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Courts open comment period on online records access plan

November 4, 2016
Dave Stafford
Trial court orders and judgments in most non-confidential civil and criminal cases will be posted and universally available online, but attorneys and parties to cases initially will have far greater access to filings than the public, according to recommendations now open for public comment.
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Getting down to the business of lawyering

October 19, 2016
Marilyn Odendahl
Evansville attorney David G. Harris is such a fan of the Lawyerist that he was the main driver behind getting the Evansville Bar Association to invite the website's founder and editor-in-chief Sam Glover to speak. The Minneapolis attorney-writer will be in the southern Indiana city Oct. 27 to make a presentation about practicing law and lead attorneys through a four-step process to secure information on their laptops.
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Lawyer’s Doxly aims to digitally organize and expedite legal transactions

October 5, 2016
Olivia Covington
Doxly Inc., founded in 2016, is a legal technology company that is designing a new software system to locate all transactional documents in one shared space.
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Avvo, LegalZoom execs tell ISBA legal services delivery must change

October 5, 2016
Dave Stafford
LegalZoom Chief Executive Officer John Suh told a gathering of Indiana lawyers Sept. 29 that solo and small firms whose practices in many cases have struggled for decades may be facing existential challenges, but they shouldn’t blame the internet.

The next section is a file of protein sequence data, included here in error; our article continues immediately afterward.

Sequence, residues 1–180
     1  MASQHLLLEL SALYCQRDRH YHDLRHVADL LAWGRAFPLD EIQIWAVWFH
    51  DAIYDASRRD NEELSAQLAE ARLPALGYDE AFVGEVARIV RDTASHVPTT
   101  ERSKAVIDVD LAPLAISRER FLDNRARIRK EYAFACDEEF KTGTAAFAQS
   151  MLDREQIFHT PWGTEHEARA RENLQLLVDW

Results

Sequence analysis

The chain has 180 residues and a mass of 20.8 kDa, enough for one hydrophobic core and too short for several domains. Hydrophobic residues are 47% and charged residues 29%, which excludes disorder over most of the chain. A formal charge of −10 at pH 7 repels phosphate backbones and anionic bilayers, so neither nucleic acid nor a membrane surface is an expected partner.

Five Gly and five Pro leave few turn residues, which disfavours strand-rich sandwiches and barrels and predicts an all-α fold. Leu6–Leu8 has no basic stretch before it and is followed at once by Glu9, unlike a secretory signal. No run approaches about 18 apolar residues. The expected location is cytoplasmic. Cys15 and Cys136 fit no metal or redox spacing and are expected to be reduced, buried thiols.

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More Hillary Clinton emails to be released by State Department

September 23, 2016
 Bloomberg News
The State Department told a federal judge Friday it found 5,600 work-related e-mails from a disk of deleted messages recovered from the private email server Hillary Clinton used while secretary of state, raising the possibility of further disclosures on a subject that has dogged the Democrat’s presidential bid.
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Incoming ISBA president outlines plans to help legal profession adapt to changing marketplace

September 21, 2016
Marilyn Odendahl
Mitchell Heppenheimer’s agenda for his term at the helm is focusing on ways to help Hoosier lawyers be successful in the shifting landscape. In particular, he plans to launch a campaign to educate people on why they should turn to a lawyer for legal advice and that lawyers can be hired at reasonable prices.
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Riley: The Indiana State Bar Association Future’s Committee

September 21, 2016
ISBA President Carol Adinamis appointed the Future of the Provision of Legal Services Committee to examine challenges to the profession from legal document and service providers and advances in technology. Here are the four recommendations of the committee.
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Indy legal-tech firm secures $2.2 million for seed round

September 19, 2016
Jared Council, IBJ Staff
Doxly Inc., the legal-software company launched by Indianapolis-based venture studio High Alpha earlier this year, announced Monday that it notched $2.2 million in equity capital and signed the world's largest law firm as a client.
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AP, other media sue FBI for details on iPhone hacking tool

September 16, 2016
 Associated Press